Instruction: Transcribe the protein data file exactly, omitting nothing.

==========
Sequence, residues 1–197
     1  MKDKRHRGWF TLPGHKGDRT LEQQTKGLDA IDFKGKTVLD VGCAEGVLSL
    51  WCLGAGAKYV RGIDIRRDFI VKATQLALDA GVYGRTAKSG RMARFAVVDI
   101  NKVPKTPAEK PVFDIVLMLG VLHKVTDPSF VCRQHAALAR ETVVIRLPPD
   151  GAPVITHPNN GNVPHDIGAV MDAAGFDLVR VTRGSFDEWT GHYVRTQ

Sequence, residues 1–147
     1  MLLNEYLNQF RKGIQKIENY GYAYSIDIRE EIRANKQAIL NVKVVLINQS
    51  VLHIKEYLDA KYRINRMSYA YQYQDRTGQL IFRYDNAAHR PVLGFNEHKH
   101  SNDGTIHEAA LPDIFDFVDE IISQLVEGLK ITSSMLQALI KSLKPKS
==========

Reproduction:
Sequence, residues 1–197
     1  MKDKRHRGWF TLPGHKGDRT LEQQTKGLDA IDFKGKTVLD VGCAEGVLSL
    51  WCLGAGAKYV RGIDIRRDFI VKATQLALDA GVYGRTAKSG RMARFAVVDI
   101  NKVPKTPAEK PVFDIVLMLG VLHKVTDPSF VCRQHAALAR ETVVIRLPPD
   151  GAPVITHPNN GNVPHDIGAV MDAAGFDLVR VTRGSFDEWT GHYVRTQ

Sequence, residues 1–147
     1  MLLNEYLNQF RKGIQKIENY GYAYSIDIRE EIRANKQAIL NVKVVLINQS
    51  VLHIKEYLDA KYRINRMSYA YQYQDRTGQL IFRYDNAAHR PVLGFNEHKH
   101  SNDGTIHEAA LPDIFDFVDE IISQLVEGLK ITSSMLQALI KSLKPKS